People today have access to more wealth than ever before. Between cryptocurrencies and fast-growing stocks, investments may have you in a position where you and your spouse could retire early.
That dream may never come to fruition if you divorce and make financial errors in the process, though. While retirement issues are often most concerning to those 50 and older, you, in your 20s, 30s or 40s, may also want to be cautious if you plan to retire early.
Planning for early retirement when you divorce young
If you are divorcing under the age of 40, you may still be able to keep your retirement plans on track by being cautious about how you divide your assets. For example, if you and your spouse own a property in an area where property values are growing each year, then you two may agree to hold on to that property until the equity built up in it gives you both the return you expected. You might also opt to rent out a property you had intended to sell as a way of bringing in additional income during your divorce.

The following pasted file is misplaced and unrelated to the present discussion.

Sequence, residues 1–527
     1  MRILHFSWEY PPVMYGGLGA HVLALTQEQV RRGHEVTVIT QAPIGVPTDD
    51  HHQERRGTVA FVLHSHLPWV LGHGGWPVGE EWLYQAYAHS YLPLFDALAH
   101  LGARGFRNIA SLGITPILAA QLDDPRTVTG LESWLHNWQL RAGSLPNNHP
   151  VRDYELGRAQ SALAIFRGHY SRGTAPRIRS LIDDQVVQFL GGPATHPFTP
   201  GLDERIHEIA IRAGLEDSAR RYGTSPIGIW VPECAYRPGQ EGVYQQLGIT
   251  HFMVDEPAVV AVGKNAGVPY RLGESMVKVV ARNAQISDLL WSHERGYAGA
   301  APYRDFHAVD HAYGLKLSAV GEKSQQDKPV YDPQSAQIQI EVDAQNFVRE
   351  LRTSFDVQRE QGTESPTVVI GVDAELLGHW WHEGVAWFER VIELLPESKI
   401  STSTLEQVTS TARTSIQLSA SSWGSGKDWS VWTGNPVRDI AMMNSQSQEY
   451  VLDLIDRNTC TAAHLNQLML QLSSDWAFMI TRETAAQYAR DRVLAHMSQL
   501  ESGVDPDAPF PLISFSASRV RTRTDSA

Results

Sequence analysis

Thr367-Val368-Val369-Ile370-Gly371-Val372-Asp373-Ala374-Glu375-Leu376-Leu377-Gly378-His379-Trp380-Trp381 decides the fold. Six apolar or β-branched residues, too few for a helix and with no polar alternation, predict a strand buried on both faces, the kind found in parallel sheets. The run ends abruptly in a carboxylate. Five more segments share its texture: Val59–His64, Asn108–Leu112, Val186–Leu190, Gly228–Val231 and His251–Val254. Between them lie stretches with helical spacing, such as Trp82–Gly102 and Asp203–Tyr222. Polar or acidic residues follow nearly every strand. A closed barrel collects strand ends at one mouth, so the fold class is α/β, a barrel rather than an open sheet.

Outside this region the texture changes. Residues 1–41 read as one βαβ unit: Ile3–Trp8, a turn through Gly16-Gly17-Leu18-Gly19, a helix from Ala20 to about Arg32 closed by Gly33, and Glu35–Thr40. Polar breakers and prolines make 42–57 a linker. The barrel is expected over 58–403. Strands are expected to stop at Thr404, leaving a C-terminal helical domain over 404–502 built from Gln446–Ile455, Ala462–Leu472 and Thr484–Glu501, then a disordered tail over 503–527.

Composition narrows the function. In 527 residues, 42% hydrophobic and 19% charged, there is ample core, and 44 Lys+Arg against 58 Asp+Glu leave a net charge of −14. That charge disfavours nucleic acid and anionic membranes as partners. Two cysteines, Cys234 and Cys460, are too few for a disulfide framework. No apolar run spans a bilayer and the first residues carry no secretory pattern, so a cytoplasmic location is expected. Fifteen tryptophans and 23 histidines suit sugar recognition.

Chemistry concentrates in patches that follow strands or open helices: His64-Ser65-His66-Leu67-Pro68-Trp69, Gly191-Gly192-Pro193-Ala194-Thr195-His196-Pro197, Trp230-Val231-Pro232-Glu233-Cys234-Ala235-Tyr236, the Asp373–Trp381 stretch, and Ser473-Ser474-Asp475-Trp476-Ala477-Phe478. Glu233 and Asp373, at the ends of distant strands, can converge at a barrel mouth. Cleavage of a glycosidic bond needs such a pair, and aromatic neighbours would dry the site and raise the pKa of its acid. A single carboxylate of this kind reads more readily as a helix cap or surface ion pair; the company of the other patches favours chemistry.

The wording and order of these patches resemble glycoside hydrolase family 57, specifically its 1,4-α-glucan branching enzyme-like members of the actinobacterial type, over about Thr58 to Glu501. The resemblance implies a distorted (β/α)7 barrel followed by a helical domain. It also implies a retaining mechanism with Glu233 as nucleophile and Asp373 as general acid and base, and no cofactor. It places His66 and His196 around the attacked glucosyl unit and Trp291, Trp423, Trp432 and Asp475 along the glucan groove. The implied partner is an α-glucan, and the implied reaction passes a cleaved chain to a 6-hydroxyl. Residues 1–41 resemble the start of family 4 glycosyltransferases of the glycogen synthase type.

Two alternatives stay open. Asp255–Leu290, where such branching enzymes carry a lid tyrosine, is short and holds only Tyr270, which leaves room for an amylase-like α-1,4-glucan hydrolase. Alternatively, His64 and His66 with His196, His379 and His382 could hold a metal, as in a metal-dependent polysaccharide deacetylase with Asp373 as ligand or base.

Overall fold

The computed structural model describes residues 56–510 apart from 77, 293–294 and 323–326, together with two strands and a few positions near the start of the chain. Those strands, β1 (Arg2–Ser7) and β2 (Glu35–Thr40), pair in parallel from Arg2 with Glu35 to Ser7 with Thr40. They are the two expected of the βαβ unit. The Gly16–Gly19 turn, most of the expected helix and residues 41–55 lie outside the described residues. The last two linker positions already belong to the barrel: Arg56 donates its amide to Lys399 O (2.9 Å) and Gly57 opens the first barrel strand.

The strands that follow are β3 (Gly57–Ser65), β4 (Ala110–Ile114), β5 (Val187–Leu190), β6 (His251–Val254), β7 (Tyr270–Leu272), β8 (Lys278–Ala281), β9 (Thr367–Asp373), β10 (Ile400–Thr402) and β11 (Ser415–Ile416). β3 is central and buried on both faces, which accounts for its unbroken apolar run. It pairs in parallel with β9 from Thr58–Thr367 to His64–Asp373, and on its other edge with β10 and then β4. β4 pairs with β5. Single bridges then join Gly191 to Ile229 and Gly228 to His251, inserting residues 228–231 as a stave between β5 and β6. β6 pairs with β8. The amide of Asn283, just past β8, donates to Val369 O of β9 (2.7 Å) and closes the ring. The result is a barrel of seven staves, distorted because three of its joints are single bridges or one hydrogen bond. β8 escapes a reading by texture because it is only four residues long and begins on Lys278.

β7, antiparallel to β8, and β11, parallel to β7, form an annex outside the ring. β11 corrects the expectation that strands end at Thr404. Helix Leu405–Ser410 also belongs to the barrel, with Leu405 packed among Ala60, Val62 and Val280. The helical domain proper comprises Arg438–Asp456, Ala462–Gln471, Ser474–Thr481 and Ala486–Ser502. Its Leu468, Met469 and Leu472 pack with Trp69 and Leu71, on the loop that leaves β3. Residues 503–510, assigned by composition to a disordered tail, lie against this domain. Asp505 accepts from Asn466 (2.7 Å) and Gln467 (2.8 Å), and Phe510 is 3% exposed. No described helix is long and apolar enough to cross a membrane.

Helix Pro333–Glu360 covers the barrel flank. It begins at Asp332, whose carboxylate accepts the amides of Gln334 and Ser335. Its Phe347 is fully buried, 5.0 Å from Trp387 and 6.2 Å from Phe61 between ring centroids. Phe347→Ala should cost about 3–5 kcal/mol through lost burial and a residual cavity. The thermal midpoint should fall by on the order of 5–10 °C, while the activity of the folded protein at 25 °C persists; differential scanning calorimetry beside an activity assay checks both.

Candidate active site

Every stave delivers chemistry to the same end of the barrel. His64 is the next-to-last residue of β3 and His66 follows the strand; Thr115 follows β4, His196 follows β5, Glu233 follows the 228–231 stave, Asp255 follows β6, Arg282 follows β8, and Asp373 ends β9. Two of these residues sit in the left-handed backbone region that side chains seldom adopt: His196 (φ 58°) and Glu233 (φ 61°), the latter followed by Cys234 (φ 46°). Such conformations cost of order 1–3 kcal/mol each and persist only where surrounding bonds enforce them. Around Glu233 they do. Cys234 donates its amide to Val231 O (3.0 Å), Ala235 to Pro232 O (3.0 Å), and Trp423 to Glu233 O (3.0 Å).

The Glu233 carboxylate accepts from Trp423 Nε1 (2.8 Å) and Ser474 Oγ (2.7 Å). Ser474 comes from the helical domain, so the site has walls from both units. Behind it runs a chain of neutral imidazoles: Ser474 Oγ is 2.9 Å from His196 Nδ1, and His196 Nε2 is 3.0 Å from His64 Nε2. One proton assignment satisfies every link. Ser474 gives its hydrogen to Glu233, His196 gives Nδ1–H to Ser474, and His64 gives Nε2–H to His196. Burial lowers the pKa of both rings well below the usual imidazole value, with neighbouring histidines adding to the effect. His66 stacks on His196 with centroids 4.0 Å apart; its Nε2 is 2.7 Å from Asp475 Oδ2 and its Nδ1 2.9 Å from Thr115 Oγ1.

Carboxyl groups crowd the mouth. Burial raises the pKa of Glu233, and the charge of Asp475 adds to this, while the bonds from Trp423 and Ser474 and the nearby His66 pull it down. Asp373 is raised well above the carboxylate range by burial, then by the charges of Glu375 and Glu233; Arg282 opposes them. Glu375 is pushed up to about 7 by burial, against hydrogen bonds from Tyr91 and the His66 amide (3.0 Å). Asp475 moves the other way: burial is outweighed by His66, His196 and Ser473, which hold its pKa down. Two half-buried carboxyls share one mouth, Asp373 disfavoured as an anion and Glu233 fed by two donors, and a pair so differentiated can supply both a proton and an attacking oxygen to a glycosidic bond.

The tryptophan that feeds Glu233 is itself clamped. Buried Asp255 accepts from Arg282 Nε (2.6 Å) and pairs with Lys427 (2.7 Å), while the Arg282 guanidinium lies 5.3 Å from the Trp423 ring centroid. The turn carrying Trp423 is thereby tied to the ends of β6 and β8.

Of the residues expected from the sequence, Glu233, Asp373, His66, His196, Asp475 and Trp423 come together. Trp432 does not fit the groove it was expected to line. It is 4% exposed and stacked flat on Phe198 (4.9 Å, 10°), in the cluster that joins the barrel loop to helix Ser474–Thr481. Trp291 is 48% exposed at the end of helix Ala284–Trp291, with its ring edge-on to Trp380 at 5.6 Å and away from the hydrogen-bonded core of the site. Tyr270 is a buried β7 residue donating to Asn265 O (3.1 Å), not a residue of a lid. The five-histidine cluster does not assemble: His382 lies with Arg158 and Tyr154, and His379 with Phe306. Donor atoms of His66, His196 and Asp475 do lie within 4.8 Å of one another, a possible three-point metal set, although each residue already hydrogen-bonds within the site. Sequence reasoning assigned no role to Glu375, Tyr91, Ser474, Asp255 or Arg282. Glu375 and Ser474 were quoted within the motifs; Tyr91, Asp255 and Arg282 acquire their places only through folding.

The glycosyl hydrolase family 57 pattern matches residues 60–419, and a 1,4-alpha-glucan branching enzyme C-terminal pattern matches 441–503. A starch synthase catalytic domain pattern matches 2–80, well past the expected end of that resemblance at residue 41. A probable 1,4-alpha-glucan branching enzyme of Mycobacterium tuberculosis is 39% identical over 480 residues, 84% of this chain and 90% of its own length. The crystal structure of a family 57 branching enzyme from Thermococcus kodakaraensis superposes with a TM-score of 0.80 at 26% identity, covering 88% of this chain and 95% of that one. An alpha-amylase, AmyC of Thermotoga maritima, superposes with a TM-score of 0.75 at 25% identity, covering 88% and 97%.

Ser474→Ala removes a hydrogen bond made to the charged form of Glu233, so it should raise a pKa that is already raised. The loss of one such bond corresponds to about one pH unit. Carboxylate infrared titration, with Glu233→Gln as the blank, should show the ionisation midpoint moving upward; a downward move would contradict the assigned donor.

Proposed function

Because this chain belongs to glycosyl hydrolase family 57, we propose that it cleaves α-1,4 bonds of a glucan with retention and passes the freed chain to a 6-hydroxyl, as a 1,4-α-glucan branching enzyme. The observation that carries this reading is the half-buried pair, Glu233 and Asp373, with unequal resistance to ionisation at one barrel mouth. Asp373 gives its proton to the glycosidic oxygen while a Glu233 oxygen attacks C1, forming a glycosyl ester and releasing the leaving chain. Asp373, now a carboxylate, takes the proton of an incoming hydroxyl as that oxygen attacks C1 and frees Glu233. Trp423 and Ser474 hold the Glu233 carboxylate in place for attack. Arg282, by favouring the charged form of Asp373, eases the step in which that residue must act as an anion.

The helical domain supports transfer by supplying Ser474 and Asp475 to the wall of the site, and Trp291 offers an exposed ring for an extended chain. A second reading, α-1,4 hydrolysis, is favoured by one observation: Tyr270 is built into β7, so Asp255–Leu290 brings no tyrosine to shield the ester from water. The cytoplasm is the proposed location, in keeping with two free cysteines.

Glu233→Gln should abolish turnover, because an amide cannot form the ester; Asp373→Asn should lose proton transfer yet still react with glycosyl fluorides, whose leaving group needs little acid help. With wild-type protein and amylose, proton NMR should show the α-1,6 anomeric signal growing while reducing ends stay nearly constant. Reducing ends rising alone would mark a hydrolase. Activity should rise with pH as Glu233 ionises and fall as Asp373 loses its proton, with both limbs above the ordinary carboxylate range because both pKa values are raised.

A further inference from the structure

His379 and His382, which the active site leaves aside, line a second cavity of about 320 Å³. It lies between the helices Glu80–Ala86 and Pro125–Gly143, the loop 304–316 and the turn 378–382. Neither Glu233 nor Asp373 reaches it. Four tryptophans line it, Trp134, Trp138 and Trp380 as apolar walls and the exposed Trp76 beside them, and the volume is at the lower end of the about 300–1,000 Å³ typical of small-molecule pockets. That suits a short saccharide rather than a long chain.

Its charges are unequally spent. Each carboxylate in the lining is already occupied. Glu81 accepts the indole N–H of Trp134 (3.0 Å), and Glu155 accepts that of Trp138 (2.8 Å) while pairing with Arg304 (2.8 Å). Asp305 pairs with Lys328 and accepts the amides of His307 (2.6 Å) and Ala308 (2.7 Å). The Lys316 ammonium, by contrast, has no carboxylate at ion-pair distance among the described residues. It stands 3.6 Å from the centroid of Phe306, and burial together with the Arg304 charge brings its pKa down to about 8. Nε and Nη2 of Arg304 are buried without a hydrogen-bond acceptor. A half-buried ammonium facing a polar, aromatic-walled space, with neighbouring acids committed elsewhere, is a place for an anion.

In terms of your stocks, bonds and investments, sometimes maintaining those in full rather than dividing them at present is a good choice. You might come up with an arrangement to divide investments when they reach a certain price point since a larger amount of money invested will tend to earn a better return over time, thanks to dividends and compound interest.
You’ll want to make sure not to ignore the tax implications associated with selling stocks, closing retirement accounts or selling property. Get a complete financial picture before you divide your assets, so you and your spouse understand how those assets could grow in the future and if dividing them now is the right choice for you.